The talking points for the email about the DHHS/IOM proposed contract prompted advocate Joe Landson (thanks for sharing it Joe) to send this letter:
Subject: MECFS definitions
As a disabled veteran, and an ME/CFS patient, I am writing to protest the Department of Health and Human Services’ proposed sole-source contract (or grant?) to the Institute of Medicine, towards a consensus definition of Myalgic Encephalomyelitis/Chronic Fatigue Syndrome, or ME/CFS. I am given to understand that due to ME/CFS community feedback, this sole-source proposal has been shelved. I sincerely hope it has.
In January of this year, the IOM released a report on Gulf War Illness (GWI), which the IOM terms Chronic Multisystem Illness (CMI), a characterization arguably blander and less substantial than the tapioca pudding provided in many hospital meals. While the pudding can, in theory, be consumed, I am not sure that my fellow patients and I can stomach another attempt to portray our crippling illness as a series of bland generalities and vague complaints, treatable with talk therapy.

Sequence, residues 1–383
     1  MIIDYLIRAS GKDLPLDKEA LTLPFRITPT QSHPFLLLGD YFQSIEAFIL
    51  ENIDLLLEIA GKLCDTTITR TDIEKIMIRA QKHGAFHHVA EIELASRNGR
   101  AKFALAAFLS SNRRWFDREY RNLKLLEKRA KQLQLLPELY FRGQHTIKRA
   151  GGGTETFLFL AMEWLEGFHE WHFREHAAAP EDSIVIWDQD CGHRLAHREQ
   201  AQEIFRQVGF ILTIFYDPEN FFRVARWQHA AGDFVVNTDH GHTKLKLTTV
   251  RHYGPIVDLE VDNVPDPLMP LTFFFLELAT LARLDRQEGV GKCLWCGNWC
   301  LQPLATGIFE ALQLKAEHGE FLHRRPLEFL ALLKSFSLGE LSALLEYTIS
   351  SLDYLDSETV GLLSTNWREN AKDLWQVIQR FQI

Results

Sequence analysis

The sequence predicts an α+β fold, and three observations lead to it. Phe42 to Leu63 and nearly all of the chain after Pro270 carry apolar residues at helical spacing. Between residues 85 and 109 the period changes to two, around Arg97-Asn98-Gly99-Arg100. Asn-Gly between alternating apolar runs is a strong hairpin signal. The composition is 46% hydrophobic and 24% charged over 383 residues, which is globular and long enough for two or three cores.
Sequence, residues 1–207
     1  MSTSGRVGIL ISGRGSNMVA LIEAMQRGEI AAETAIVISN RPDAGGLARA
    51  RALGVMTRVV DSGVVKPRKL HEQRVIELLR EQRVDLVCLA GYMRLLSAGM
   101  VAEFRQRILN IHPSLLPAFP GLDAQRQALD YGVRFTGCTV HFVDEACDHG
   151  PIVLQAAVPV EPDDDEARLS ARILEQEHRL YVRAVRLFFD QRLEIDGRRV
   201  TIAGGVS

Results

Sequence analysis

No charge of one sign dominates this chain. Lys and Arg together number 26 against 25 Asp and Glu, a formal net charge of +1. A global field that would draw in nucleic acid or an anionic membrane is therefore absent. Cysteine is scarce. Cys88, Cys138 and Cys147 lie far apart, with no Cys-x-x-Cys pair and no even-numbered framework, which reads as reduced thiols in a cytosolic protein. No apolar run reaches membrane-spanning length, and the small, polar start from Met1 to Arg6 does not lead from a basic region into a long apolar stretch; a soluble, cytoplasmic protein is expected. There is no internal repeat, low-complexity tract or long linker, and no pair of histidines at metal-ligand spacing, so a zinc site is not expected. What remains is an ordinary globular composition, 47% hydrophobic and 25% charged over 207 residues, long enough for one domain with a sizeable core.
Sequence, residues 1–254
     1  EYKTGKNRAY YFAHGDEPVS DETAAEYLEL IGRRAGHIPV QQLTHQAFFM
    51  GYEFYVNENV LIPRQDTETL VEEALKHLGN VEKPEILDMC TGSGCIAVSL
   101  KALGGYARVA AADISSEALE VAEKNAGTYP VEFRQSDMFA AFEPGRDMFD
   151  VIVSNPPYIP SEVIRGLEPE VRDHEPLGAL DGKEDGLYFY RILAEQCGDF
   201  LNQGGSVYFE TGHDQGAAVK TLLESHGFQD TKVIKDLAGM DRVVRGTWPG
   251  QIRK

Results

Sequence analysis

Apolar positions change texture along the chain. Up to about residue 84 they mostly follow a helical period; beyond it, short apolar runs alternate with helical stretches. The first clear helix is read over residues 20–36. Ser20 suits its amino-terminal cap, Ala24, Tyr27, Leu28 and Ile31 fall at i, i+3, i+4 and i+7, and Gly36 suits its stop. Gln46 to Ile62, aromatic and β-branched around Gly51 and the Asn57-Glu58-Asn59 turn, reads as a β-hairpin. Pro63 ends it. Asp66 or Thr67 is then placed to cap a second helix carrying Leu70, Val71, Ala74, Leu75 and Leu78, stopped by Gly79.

Yes, we need a consensus definition. However I submit that we can best serve patients, clinicians, researchers and policymakers by writing a definition based on actual understanding of the mechanisms and causes of the illness in question. In cases where consensus science does not provide knowledge of illness cause and mechanism, then perhaps the DHHS can fund research that actually produces such knowledge. If DHHS cannot even do that, then perhaps it should avoid the definition-writing process until such consensus science does emerge. First, do no harm. Bad definitions do us harm by misdirecting research, and by exposing us to ridicule and ignorance, from which we suffer daily.
Thank you for your consideration. Go Jayhawks.